Girls Write Out
Tuesday, December 05, 2006

Writing novels as a career is a really strange job. I think it involves a certain amount of mental illness because there's the creative aspect of it -- you have to understand people and how they work, and what motivates them. But then, you have to understand the business aspects too. How is a publisher's distribution? What percentage/advance ratio is best for both pub and writer? Is marketing necessary? Does a publicist work? The insecurity that is in a writer is in Nora Roberts and Stephen King, too. Don't believe me? If their novel stays at #1 for two less weeks than their last book? You can bet they stop and obsess over what went wrong with this book, that it only stayed on the bestseller list for one year instead of two!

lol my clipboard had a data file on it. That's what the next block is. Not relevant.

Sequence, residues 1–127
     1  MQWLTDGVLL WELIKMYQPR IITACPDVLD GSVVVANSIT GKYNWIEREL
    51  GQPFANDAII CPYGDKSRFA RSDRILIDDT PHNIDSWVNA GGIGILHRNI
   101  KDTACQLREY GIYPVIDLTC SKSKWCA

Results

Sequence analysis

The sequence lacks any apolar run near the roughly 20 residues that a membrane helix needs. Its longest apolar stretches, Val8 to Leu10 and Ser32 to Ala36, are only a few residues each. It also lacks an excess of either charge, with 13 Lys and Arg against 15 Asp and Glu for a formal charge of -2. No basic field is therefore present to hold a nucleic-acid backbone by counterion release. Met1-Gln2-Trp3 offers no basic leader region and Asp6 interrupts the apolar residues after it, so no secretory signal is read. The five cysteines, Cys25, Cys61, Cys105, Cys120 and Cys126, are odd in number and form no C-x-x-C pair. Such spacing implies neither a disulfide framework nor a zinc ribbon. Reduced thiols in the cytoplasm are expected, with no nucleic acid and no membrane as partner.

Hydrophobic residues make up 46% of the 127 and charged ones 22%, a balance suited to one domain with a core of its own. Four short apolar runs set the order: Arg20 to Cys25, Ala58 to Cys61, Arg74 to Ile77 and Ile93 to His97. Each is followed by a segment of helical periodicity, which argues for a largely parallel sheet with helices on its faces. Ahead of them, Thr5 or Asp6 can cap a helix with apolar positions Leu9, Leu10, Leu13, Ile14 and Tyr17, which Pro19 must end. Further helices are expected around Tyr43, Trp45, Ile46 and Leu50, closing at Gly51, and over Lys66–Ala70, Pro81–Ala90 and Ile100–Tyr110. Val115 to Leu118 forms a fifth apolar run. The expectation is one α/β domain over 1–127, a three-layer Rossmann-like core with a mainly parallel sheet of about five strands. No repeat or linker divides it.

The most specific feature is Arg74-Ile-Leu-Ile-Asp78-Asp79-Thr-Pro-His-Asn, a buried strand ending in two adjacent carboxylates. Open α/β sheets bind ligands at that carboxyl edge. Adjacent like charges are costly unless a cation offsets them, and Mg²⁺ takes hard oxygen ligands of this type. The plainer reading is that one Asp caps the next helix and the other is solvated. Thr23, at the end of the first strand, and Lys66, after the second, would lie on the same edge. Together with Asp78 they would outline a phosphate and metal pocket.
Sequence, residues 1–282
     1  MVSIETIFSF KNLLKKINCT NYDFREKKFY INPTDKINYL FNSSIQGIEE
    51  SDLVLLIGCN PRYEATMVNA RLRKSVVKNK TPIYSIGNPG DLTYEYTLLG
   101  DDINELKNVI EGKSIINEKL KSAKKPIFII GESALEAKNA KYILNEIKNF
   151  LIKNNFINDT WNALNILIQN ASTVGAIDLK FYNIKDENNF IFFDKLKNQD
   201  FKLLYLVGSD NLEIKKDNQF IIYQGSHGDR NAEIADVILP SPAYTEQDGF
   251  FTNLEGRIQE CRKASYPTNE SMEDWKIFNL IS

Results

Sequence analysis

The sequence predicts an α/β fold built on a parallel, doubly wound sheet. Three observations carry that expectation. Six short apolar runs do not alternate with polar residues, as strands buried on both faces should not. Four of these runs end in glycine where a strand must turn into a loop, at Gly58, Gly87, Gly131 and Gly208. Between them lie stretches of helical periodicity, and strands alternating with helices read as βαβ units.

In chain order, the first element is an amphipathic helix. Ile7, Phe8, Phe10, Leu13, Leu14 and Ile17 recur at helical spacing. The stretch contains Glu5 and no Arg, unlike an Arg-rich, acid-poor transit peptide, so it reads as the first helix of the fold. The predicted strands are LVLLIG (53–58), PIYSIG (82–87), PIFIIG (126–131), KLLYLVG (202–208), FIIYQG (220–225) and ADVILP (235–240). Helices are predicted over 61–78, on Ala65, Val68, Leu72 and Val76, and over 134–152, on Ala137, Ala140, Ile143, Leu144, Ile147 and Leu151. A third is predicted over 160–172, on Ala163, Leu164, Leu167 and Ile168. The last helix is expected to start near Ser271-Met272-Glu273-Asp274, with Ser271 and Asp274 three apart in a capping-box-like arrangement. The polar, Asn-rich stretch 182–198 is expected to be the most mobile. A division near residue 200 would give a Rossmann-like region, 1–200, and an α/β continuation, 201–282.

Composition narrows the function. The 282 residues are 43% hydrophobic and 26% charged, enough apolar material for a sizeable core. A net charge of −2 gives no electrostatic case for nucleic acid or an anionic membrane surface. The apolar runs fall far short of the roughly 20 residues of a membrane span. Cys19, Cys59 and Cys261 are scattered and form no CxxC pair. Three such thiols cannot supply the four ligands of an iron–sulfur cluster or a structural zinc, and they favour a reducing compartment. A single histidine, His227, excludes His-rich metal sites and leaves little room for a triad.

As a writer, you can't believe in the work alone and that's the business end of things. Sadly, it's a fact of life. No, I don't know if it is sad, it protects both publisher and writer and that's why when someone tells you that your idea stinks? It just might. Example: If you write the most brilliant novel on something no one cares about, guess what happens to it?

I'm a big supporter of the "passion" idea. If I'm not passionate about something, the idea of pulling off 90,000 words on the subject diminishes significantly. So I'm afraid the idea of starting out to write a "breakout novel" ala DaVinci Code is not something that can be planned. No publisher, no writer knows what will take root and grab up America's very short attention span, but it better darn well last through the writer's attention span.